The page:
| 14°C Dublin

Bondings: Thinking outside the box (ers)


Rob Galvin and his father Michael, who runs the family business Galvin for Men. Photo: David Conachy

Rob Galvin and his father Michael, who runs the family business Galvin for Men. Photo: David Conachy

Rob Galvin and his father Michael, who runs the family business Galvin for Men. Photo: David Conachy

The only complaint Rob Galvin has about his dad Michael is that he walks "ridiculously fast." "I have to jog when I'm walking with him," he groans. "Aside from that, he has a great personality and sense of humour, and he's very genuine."

Having worked with his father for years in the popular family business, Galvin for Men in Mullingar, Rob had plenty of experience of trying to keep up with the genial Michael. They worked together until last year, when, much to his dad's disappointment, Rob left to start his own business, Stor.

"I was very sorry as he was great to work with and very hard-working and focused," says Michael. "We can both be strong-minded, but no one is perfect, and I like his positive attitude and good humour. He's a genuinely nice guy."

Michael's late parents, John and Della, opened the menswear store Galvin in Tullamore, and he was involved in the shop from a young age. He left school to join the business full time at 16, as his father was expanding. Looking back, he's happy that it was the right decision.

He met his wife Hilary at 17 and was 23 when they got married. She became very much part of the business too. "We were delighted to be blessed with four kids," he says. "Our eldest was Jill, now 36, and Rob, 35, came along within 12 months so it was almost like having twins. Peter is 31 and Emma is 25, and we moved to Mullingar to run the business my father bought there."

The original store in Tullamore is now owned by Michael's brother Paul and his sister Teresa is involved too. While the two stores run separately, they join forces on different things and have a close relationship.

Michael remembers Rob as a lovely child who was full of beans - he recalls getting phone calls from the bank in the town telling him that Rob and Jill were playing on the roof of the shop. "All my memories as a kid are around the shop," says Rob. "We used to live over it and myself and Jill were very close in age, and she spent an awful lot of time getting me into trouble. We were always in the town getting up to all sorts, and then we moved out to the country after that, which was great. Dad was pretty easy-going, because while he was strict if you were really bold, he was always good at putting things into perspective and wouldn't get stressed over something trivial."

Rob went to UCD to do a BComm, and worked part-time in the shop. He became involved in fashion buying quite young, and was a great help to his dad in buying for young people in particular. He did a bit of travelling and then went back to the business full time, and worked his way up to become buying director.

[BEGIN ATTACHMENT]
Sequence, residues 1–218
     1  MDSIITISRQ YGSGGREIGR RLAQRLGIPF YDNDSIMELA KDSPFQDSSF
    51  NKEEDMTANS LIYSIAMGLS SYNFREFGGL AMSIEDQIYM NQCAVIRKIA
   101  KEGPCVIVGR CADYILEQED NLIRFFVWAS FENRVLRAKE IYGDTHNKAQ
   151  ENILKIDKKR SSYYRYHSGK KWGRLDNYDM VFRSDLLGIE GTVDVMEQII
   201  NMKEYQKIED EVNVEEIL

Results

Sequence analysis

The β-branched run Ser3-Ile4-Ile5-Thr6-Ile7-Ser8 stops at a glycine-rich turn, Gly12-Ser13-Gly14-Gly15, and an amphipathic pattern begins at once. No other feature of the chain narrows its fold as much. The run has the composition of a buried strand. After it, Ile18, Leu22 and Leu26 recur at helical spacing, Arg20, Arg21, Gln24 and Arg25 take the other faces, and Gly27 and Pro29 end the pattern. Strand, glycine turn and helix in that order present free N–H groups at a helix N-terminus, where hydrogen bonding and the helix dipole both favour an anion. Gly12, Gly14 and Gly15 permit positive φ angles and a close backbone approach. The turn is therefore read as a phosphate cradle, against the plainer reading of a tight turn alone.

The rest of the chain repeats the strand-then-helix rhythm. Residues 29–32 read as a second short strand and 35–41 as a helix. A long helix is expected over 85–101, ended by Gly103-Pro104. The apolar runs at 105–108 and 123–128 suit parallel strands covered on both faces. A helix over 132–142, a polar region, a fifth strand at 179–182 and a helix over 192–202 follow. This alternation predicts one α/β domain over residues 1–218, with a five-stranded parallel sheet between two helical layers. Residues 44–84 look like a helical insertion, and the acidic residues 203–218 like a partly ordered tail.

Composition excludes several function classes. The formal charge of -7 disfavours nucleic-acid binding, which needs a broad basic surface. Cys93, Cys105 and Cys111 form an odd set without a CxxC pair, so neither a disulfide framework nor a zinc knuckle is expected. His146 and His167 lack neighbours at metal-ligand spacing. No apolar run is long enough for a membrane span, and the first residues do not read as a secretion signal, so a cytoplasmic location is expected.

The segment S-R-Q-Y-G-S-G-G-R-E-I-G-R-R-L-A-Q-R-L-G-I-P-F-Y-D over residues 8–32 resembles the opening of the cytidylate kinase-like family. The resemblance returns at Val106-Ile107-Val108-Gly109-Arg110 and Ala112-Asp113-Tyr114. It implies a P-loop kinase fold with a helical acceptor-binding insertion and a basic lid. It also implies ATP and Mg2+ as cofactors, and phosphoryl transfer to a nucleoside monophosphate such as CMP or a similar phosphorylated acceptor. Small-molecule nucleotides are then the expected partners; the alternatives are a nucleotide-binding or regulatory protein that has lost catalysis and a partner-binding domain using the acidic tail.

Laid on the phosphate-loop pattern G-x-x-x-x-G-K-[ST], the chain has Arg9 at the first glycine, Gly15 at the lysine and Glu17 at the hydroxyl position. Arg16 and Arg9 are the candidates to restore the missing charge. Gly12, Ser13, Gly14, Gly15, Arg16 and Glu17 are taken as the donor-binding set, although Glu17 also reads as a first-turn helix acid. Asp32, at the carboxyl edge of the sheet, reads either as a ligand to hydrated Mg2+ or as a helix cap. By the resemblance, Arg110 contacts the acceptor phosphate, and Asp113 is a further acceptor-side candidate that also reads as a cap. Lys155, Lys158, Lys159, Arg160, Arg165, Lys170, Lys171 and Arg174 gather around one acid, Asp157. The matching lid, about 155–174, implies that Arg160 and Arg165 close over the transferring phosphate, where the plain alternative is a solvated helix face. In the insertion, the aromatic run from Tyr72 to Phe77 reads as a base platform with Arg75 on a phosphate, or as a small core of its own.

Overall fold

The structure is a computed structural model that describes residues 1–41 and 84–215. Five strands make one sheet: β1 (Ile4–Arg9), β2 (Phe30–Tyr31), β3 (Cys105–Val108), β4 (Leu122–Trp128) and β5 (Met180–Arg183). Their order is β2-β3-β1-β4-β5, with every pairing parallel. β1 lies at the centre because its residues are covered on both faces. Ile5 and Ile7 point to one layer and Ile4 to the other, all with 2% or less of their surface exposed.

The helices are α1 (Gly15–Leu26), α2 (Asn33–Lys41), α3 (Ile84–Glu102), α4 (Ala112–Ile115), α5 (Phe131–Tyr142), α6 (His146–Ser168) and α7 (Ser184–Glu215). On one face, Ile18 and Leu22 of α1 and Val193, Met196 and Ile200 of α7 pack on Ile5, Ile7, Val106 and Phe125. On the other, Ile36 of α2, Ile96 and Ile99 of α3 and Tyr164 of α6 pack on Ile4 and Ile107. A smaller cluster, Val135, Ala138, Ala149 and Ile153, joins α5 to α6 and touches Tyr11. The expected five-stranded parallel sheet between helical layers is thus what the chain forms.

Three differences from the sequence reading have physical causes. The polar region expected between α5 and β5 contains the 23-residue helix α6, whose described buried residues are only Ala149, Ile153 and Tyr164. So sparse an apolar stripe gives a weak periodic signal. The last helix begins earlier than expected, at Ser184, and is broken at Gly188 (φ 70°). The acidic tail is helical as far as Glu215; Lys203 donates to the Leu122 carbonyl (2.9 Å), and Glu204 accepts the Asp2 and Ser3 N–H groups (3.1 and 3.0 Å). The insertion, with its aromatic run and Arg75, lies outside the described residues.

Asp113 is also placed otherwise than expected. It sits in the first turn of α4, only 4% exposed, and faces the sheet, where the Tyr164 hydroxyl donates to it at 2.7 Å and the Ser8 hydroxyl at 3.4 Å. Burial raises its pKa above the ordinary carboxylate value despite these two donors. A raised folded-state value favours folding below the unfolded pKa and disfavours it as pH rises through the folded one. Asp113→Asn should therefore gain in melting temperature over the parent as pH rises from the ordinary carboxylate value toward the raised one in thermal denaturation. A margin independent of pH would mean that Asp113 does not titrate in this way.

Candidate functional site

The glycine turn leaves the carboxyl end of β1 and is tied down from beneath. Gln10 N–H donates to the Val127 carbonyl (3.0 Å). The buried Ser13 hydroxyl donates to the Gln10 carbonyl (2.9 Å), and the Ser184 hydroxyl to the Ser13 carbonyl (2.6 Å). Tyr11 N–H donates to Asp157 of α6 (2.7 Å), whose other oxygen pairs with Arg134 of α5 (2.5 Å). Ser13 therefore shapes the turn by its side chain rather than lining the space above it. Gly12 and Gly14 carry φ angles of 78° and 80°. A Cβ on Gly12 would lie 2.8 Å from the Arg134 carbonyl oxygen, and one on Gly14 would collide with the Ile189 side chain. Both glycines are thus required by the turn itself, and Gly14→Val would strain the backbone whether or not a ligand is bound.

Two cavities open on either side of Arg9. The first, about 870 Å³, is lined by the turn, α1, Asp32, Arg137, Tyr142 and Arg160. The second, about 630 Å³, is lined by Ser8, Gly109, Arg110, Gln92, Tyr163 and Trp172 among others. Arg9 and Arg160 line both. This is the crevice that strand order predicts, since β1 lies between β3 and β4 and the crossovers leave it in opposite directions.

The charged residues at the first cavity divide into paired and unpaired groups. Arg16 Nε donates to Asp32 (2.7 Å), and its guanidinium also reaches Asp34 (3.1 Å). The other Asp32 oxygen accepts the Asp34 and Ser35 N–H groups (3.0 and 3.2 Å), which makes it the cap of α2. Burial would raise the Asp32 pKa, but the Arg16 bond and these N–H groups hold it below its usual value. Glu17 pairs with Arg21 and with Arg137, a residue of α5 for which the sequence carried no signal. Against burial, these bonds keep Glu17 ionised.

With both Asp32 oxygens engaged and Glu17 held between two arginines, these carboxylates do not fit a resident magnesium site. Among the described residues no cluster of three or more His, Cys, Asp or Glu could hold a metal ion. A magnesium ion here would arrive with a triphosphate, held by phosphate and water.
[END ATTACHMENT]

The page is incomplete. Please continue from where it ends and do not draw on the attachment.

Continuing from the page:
His brother Peter was also part of the business, before moving to the UK where he now works for menswear brand G-Star RAW. Rob always had a great interest in e-commerce and, having done some courses in digital marketing, he left Galvin last year to set up his own business.

"He was a great buyer and could pick a brand before it even took off," says Michael. "Emma is an architect and Jill works in HR, so I hope Rob and Peter will come back to the business some day because I'm 60 now and won't be around forever. We're a very close family, and we discuss business and brands, so, indirectly, I still feel like Rob is involved."

Home & Property Newsletter

Get the best home, property and gardening stories straight to your inbox every Saturday

This field is required

The two men go for a monthly (sometimes bi-monthly) pint to catch up, and play golf together. Rob likes that Michael keeps a calm perspective rather than getting stressed, something he has tried to emulate.

It was while Rob was attending the Springboard Plus course at UCD's Innovation Academy that Rob came up with the idea for his new company, Stor. He felt the course was excellent, giving him constructive guidance to help develop his emerging vision.

His previous experience told him that, while men need staple products such as boxers, socks and T-shirts all the time, they don't necessarily like to buy them, and this was where his idea for a subscription service came from. The subscriber receives a box of stylish staples made from sustainable, comfortable fabrics such as organic cotton and bamboo, on a monthly (€19.95) or quarterly (€39.95) basis.

There are also options to buy one-off boxes online. Having completed pilot testing, Rob realised that, while men sign up for themselves, women also sign up to have the boxes delivered as gifts. "The products are made from sustainable fabrics, as we saw great companies upcycling waste products like plastic bottles and fishing nets and turning them into fibres," he says. "I loved the idea of using things that were thrown to the side and making them into something amazing."

Rob is married to Emma, who works in marketing in Dublin, and he is also on a New Frontiers programme with Enterprise Ireland. He has just become a father -Emma gave birth to their son Luca on March 7. "I was nearly giving up hope that we would ever see a grandchild," says thrilled grand-dad Michael.

"Yes, so I'm just trying to get him used to the idea of babysitting now," says Rob, laughing.

See www.stor.supply for more on Rob Galvin's business, Stor. Visit www.innovators.ie for information on the Springboard Plus programme at the Innovation Centre, UCD

Most Watched